Is there anything about life in the military that makes it difficult to be a serious, practicing Catholic?

There are times when it can be difficult to practice certain elements of my faith.

Yet despite the challenges, my faith has endured. Long deployments to remote regions, especially combat zones, can sometimes make it difficult to attend Mass regularly, especially with the shortage of Catholic chaplains. And the separation from my wife and children, especially since Sept. 11, has been difficult for me.

However, these obstacles are temporary and rather than challenging my faith serve only to deepen it by highlighting their importance. I think it is a natural human tendency to take some things for granted, especially when they are always available. It is amazing how even brief absences can emphasize how fundamentally important they are.

What elements of your faith were you able to draw upon during that incredible experience in Afghanistan?

First and foremost, I relied on my faith in a merciful God and the hope of redemption and eternal life enabled by the resurrection of Christ.

The battlefield forces you to confront evil and death, face to face. To me, the battlefield would be an inexplicable and even more terrifying place in the absence of this faith-based framework, including a belief in the reality of evil, to give perspective and meaning to the events I witnessed.

It would be difficult and senseless to face the prospect of mortal death and the separation from my loved ones without a sense of purpose and strong hope in resurrection. I found myself frequently saying the rosary and the Memo-rare throughout my experience in Afghanistan.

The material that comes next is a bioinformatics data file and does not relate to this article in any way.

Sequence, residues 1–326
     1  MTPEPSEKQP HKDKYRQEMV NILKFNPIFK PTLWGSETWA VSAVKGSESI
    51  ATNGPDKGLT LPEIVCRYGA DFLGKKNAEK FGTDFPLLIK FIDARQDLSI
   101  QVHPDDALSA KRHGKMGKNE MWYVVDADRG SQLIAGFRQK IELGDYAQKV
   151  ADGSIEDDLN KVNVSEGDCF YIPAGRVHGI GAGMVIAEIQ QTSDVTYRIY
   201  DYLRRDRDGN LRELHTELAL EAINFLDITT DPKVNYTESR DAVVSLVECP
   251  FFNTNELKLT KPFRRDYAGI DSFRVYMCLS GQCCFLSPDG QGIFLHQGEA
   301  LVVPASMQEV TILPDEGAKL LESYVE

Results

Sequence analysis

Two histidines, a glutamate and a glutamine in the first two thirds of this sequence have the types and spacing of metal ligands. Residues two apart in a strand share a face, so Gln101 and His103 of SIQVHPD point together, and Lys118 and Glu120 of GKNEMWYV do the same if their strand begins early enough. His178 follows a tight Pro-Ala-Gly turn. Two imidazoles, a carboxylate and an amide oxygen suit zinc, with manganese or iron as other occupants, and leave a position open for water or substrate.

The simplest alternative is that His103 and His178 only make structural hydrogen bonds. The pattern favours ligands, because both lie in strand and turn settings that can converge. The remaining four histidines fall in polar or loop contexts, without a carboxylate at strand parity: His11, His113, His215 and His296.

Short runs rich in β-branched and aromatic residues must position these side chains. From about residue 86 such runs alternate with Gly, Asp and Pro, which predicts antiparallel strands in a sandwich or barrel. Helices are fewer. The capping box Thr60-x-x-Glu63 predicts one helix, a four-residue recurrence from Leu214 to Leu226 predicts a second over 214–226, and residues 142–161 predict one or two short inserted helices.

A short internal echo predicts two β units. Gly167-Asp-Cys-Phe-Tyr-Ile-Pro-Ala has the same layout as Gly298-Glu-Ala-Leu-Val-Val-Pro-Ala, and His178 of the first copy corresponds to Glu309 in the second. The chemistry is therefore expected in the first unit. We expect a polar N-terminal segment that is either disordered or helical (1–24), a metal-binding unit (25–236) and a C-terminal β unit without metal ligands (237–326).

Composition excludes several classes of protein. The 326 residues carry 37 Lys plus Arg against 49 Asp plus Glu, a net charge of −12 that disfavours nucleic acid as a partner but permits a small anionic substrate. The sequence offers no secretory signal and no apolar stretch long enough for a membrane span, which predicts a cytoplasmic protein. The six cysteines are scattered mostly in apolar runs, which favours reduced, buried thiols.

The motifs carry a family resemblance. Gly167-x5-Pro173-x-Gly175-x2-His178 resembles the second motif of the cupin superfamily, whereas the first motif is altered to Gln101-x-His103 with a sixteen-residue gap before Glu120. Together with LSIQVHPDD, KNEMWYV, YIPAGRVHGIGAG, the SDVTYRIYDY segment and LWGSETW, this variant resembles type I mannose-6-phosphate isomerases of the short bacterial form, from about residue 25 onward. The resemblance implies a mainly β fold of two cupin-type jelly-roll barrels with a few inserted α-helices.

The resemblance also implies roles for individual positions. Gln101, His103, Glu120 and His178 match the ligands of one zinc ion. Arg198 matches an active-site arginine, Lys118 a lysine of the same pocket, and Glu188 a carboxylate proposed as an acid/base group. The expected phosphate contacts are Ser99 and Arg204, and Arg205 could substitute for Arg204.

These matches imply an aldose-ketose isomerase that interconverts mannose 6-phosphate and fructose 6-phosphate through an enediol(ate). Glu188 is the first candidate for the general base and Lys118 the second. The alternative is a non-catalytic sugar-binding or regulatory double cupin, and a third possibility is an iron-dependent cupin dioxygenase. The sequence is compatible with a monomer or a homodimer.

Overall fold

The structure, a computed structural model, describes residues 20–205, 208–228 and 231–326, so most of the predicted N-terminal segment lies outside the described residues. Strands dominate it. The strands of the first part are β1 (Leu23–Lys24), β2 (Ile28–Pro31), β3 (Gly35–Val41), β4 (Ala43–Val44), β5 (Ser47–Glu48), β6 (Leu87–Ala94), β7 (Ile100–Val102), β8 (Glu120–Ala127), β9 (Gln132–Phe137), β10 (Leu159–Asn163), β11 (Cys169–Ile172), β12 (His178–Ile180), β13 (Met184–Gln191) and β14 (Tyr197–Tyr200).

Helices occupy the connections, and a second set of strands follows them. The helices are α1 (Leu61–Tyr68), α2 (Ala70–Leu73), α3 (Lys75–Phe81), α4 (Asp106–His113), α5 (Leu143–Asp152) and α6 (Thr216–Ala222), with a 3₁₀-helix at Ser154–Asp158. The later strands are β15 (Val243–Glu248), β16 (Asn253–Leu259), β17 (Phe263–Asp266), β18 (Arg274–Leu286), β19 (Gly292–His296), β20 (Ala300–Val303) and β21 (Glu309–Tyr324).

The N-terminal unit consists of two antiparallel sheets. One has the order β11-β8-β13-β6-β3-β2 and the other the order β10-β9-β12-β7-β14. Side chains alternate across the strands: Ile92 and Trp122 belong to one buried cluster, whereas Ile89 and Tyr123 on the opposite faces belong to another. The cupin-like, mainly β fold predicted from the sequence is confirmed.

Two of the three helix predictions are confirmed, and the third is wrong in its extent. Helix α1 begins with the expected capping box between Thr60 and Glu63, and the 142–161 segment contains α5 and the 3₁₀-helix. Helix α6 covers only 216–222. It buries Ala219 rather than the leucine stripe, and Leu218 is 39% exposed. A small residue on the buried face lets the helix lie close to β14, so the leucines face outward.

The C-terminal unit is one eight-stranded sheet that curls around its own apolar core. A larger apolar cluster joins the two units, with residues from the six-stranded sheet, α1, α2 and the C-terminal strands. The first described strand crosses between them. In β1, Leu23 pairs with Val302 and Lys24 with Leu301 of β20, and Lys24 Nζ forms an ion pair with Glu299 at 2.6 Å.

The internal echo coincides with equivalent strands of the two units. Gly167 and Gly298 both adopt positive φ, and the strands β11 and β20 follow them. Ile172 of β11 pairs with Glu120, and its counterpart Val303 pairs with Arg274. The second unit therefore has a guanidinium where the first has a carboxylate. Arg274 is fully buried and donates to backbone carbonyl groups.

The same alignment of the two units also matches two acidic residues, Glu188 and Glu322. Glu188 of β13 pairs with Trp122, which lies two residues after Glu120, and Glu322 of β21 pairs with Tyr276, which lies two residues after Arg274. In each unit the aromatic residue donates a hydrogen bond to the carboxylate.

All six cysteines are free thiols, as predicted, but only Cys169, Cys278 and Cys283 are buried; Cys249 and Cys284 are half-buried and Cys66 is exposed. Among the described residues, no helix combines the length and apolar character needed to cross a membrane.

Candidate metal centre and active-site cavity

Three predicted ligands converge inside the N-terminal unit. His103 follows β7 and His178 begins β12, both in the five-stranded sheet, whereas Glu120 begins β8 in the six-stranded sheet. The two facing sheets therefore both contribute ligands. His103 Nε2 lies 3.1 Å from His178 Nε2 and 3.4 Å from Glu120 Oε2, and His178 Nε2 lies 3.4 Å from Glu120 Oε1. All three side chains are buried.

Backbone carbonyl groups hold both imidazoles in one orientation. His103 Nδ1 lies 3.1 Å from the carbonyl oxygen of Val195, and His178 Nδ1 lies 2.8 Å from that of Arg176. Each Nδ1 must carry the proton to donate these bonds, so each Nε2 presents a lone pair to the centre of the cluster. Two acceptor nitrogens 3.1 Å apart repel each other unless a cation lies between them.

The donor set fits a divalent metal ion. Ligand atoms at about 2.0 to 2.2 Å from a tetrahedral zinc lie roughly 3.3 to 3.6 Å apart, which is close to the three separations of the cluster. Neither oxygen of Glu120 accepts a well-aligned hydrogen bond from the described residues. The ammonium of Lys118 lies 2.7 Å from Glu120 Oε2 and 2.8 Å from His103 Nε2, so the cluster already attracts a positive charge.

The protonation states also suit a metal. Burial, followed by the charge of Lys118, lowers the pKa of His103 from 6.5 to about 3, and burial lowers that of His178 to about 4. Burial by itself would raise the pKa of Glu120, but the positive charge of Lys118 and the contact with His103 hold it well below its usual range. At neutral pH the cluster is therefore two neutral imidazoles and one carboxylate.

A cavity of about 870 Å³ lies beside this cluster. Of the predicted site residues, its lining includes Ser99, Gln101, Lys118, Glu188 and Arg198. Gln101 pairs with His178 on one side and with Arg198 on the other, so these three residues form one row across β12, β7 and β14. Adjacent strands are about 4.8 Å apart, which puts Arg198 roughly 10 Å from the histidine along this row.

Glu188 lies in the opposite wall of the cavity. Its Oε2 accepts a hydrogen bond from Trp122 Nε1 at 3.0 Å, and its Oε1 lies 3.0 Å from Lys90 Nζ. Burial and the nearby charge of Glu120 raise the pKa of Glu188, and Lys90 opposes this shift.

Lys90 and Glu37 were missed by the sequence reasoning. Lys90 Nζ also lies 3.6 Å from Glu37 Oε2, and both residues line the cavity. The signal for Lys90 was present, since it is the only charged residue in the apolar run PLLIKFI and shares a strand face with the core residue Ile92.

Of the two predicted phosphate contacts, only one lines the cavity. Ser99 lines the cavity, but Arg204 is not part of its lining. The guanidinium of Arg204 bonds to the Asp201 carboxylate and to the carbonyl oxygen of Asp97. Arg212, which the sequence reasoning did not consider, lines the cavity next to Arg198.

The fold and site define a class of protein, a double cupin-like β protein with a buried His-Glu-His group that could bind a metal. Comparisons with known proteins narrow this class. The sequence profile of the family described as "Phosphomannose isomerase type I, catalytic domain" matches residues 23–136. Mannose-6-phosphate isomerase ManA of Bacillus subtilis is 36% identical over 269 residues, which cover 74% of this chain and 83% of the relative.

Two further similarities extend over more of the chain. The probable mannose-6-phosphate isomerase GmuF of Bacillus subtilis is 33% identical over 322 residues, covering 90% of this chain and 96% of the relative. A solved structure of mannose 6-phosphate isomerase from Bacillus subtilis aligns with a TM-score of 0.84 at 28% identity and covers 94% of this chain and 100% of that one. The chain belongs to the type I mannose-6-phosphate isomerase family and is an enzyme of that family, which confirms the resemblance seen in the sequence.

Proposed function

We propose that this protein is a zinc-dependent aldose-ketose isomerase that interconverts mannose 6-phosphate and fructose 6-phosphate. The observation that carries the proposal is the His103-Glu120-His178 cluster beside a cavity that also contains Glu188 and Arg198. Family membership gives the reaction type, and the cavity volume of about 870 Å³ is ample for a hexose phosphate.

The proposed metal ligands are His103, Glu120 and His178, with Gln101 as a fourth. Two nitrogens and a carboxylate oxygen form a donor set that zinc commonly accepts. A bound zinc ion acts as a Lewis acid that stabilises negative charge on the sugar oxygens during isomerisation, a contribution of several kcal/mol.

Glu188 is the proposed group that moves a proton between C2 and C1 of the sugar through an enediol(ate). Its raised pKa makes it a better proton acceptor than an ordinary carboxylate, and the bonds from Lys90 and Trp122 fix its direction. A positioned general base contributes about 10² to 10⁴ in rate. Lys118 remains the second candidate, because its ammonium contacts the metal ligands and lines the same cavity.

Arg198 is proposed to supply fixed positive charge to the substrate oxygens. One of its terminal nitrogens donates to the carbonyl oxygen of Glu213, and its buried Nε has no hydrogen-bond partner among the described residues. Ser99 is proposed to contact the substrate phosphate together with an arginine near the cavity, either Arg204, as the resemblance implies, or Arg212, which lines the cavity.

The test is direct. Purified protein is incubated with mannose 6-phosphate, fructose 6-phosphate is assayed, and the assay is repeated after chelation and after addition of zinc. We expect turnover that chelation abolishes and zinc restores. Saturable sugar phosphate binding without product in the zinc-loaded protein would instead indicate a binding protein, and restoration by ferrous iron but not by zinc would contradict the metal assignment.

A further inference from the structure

What is your assessment of the role of Catholic chaplains in the armed forces today?

There are significant numbers of practicing Catholics in the armed forces competing for the services of fewer Catholic chaplains. I believe the importance of Catholic chaplains in the military has never been higher, precisely because their numbers are declining.

Regardless of their numbers, though, Catholic chaplains continue to play an essential role in the spiritual and moral well-being of service members. Chaplains of other denominations and faiths can play a limited role, but for the practicing Catholic, there is obviously no substitute for a Catholic priest, especially on the eve of battle.

There is no greater service a Catholic chaplain can provide to men and women preparing for battle than offering Mass and the sacrament of reconciliation. Further, for the wounded and dying, the anointing of the sick is a great comfort. None of this is possible without the dedicated service of Catholic chaplains.

The virtue of valor is not one that is often heard about these days. In fact, your award had not been given since the end of the Vietnam War. Is there a dearth of valor in the world or in the military these days?

No, I do not believe there is a dearth of valor, especially in our military forces. I know there are men and women serving in our military who confront danger daily and do so with unheralded valor.

I look back on the terrible tragedy of Sept. 11 and think of all of the brave men and women who risked their own lives to save others — the epitome of valor.

I truly think there is a great deal of valor and heroism but we don't see or hear quite as much about it because it is drowned out by the stories of avarice and immorality that dominate the media.

What about the Distinguished Service Cross, if anything, is an echo or a reflection of the cross of Christ? Is there any connection between these symbols?

Whether the result of a conscious decision or by chance, I think there is an unmistakable reflection of the cross of Christ in the Distinguished Service Cross.

Aside from the obvious difference in the magnitude, both symbolize a willingness to sacrifice your own life for the greater good.

Father Matthew Gamber writes from Spokane, Washington.